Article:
The 22nd National Space Symposium begins today at The Broadmoor Hotel in Colorado Springs, CO. This annual space industry conference is attended by more than 7,000 commercial, civil, and national security space professionals.
Attendees will discuss the role that federally funded research and development, university research, and national laboratories play in the nation's space endeavors. There will be a discussion of the values of mobile satellite technology and its broadening uses in the space industry, as well as a discussion on robotic and human space exploration. The Space Technology Hall of Fame will also induct its latest entries that were announced March 8.
The event is put together by the Space Foundation and takes place in the Lockheed Martin Exhibit Center.
Why does it matter?
"As the space and communications industries evolve, a symposium such as this is a perfect venue for companies to meet with and network with various government and commercial entities that are involved in the space industry," says Clayton Callihan of InterProse PR in Reston, VA.
Space is the next big thing in the communications world. After tragedies like Hurricane Katrina, space technologies and mobile satellites could help improve communications in such situations, making it easier to relay the news in times of crisis.
"It is no longer just the government involved in space venture," adds Callihan. "There are [many] commercial undertakings that are using space for communications purposes."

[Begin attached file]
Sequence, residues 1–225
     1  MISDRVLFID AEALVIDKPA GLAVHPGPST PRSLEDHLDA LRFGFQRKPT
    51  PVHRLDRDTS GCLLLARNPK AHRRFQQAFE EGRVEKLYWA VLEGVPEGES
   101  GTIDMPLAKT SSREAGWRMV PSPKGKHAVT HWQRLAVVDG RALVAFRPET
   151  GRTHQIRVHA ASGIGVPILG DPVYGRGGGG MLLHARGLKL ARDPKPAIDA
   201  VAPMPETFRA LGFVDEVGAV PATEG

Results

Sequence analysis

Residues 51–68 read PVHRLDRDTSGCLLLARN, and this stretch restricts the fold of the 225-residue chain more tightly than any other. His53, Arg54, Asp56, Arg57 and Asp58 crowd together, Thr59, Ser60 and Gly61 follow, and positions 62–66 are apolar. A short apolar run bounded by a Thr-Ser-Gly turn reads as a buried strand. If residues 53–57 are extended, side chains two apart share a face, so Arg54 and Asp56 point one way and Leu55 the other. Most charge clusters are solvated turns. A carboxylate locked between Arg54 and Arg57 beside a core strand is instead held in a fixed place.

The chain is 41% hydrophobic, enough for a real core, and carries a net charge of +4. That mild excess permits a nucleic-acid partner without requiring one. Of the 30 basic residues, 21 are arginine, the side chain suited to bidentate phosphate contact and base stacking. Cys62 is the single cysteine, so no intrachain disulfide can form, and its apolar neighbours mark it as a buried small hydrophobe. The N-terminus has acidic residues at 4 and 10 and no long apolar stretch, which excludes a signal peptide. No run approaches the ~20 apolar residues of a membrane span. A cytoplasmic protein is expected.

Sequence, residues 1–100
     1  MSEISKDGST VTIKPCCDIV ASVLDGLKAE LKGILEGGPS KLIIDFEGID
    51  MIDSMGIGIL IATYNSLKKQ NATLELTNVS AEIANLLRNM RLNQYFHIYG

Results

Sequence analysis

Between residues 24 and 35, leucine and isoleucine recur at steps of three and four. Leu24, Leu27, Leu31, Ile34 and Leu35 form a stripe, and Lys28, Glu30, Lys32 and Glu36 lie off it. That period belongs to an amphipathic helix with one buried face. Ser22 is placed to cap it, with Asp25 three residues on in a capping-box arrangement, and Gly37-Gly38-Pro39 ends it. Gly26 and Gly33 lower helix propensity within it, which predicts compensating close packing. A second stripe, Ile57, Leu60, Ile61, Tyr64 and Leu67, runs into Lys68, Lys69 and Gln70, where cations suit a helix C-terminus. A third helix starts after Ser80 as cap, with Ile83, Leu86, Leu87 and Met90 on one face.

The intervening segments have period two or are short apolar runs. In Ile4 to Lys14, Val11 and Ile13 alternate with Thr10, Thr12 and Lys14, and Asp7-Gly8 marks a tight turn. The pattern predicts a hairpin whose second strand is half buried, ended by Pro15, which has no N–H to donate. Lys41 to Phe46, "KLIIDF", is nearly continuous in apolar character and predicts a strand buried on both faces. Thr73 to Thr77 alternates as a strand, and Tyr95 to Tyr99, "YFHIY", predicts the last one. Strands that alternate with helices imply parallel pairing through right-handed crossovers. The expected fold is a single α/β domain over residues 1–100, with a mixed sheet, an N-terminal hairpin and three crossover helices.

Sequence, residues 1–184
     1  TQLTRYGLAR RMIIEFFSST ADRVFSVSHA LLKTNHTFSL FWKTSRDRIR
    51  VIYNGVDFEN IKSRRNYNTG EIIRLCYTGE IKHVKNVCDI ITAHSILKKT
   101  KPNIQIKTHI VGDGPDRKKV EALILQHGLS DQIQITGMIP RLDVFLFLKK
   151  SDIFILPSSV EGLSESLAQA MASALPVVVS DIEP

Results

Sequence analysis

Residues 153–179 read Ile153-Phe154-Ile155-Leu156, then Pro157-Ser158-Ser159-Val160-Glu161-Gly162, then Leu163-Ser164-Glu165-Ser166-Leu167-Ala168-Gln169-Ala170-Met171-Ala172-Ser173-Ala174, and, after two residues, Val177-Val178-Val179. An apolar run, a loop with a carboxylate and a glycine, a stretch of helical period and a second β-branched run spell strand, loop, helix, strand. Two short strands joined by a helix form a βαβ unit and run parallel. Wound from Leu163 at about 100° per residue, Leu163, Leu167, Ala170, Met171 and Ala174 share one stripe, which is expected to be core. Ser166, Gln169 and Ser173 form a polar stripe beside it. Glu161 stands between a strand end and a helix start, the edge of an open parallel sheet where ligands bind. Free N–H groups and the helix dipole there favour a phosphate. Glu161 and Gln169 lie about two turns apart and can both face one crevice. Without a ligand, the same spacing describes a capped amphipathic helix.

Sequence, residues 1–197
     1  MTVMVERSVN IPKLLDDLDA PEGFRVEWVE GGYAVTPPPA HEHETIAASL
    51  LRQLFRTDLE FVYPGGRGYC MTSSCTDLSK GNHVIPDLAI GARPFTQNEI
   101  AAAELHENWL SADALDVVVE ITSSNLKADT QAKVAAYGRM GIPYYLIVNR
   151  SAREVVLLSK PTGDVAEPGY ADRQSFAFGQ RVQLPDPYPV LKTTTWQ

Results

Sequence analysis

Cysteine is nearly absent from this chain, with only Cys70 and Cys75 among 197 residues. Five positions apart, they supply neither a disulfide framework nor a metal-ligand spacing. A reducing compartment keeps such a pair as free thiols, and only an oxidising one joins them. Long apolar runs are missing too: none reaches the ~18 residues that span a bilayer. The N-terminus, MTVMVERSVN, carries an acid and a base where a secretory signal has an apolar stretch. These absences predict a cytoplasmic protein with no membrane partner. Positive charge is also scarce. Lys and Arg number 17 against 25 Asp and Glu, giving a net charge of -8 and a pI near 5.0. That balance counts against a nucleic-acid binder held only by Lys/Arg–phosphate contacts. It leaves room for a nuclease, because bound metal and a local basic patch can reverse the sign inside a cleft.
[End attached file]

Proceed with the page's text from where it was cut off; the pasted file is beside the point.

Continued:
1 One of the key speakers at the conference will be the leader of the Japanese space program, Kaoru Mamiya, VP of the Japan Aerospace Exploration Agency.
2 The Space Foundation and NASA established the Space Technology Hall of Fame to increase public awareness of the space exploration programs. Established in 1988, the Hall has honored 52 technologies that improve life on Earth.
3 Buzz Aldrin, one of the first two men to walk on the moon, will be honored with the Gen. James E. Hill Lifetime Space Achievement Award on Wednesday. The award recognizes people who have made a contribution to the advancement of humankind through the exploration of space.
4 The symposium features a career fair for college students who are majoring in science, technology, engineering, mathematics, and business administration. The career fair was established four years ago and gives students a unique chance to meet some of the top people in the aerospace field.
5 Some of the sponsors for the event include Lockheed Martin, The New York Times, Cisco Systems, Nortel, Sterling Computers, and ASRC Federal.